Based on preintervention data, specific targeted interventions were created and implemented during the intervention phase (Figure 2), specifically focusing on the 2 surgical services that consumed the most days. The following interventions targeted potentially avoidable admissions:
We created specific SICU admission guidelines for patients being admitted from the trauma surgery service with TBI. These updated admission criteria for patients with TBI were based on modifications to the brain injury guidelines, which allowed the attending physician discretion in the admission of patients with TBI to the floor, when previously they were admitted to the SICU for short observation (eTable in Supplement).22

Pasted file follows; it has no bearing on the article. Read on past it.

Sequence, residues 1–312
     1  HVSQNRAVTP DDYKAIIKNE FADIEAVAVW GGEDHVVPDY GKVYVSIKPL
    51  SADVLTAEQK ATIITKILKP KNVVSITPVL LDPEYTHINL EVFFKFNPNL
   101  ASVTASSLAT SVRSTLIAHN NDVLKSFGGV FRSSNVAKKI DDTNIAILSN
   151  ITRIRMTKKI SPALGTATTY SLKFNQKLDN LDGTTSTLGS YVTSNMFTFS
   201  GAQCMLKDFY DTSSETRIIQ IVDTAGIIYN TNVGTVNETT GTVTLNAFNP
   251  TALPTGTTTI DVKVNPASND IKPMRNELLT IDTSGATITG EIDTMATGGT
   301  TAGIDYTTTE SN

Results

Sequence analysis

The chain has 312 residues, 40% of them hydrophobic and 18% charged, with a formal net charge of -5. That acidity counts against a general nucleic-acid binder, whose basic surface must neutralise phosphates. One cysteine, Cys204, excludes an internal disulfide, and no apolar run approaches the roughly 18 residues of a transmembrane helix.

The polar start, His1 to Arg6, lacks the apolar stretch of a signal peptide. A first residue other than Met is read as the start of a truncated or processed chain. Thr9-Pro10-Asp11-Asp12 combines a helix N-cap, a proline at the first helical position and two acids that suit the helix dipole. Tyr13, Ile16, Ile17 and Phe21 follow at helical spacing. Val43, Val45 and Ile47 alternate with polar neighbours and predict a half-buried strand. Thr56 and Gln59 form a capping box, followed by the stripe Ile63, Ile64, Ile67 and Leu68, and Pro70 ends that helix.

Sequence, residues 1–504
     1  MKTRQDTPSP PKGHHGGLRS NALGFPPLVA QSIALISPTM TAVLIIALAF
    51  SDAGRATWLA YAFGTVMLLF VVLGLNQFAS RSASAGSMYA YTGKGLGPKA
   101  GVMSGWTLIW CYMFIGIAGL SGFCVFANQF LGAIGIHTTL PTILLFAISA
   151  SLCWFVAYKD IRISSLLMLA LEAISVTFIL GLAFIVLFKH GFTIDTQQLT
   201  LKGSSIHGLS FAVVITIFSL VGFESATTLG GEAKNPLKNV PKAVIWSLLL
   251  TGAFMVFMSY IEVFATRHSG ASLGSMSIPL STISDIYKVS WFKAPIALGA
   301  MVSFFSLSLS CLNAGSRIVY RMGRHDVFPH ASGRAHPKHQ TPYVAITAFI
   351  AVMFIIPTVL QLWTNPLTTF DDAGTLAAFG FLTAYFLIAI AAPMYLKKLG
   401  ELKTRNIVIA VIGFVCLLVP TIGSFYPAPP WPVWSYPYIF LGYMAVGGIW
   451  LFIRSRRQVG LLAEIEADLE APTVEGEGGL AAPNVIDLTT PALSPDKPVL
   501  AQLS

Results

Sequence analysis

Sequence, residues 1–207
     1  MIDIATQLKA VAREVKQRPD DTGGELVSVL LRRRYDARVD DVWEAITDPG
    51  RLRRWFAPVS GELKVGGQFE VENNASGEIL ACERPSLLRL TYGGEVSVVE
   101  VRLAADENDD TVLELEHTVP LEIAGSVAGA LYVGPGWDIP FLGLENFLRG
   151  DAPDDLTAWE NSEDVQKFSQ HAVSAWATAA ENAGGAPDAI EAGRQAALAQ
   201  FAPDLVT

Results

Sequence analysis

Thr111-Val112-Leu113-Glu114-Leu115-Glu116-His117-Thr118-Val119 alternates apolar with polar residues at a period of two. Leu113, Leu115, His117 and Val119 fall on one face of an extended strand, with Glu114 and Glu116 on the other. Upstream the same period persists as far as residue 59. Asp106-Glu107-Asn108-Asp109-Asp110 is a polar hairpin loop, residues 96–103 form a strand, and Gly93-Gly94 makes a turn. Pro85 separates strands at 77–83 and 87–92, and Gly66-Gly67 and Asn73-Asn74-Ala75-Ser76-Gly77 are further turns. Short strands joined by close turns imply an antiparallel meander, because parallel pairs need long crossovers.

We instituted feedback with anesthesia leadership for patients admitted to the SICU who were immediately extubated and ready for transfer out of the SICU. Postoperative airway management was specifically addressed by holding periodic meetings with the anesthesia department and reinforcing proper disposition and airway management before leaving the operating room or recovery in the postanesthesia care unit.
We initiated monthly group meetings with the SICU and liver transplant services that led to direct SICU communication before acceptance of patients from other hospitals.
Disposition delays with all services were addressed by initiating EOL discussions and mandating supportive care consultation. In addition, admitting surgical services were encouraged to transfer patients to the floor during morning rounds, and downstream floor beds were reviewed during weekly meetings with case managers and a physician representative to address sources for discharge delays.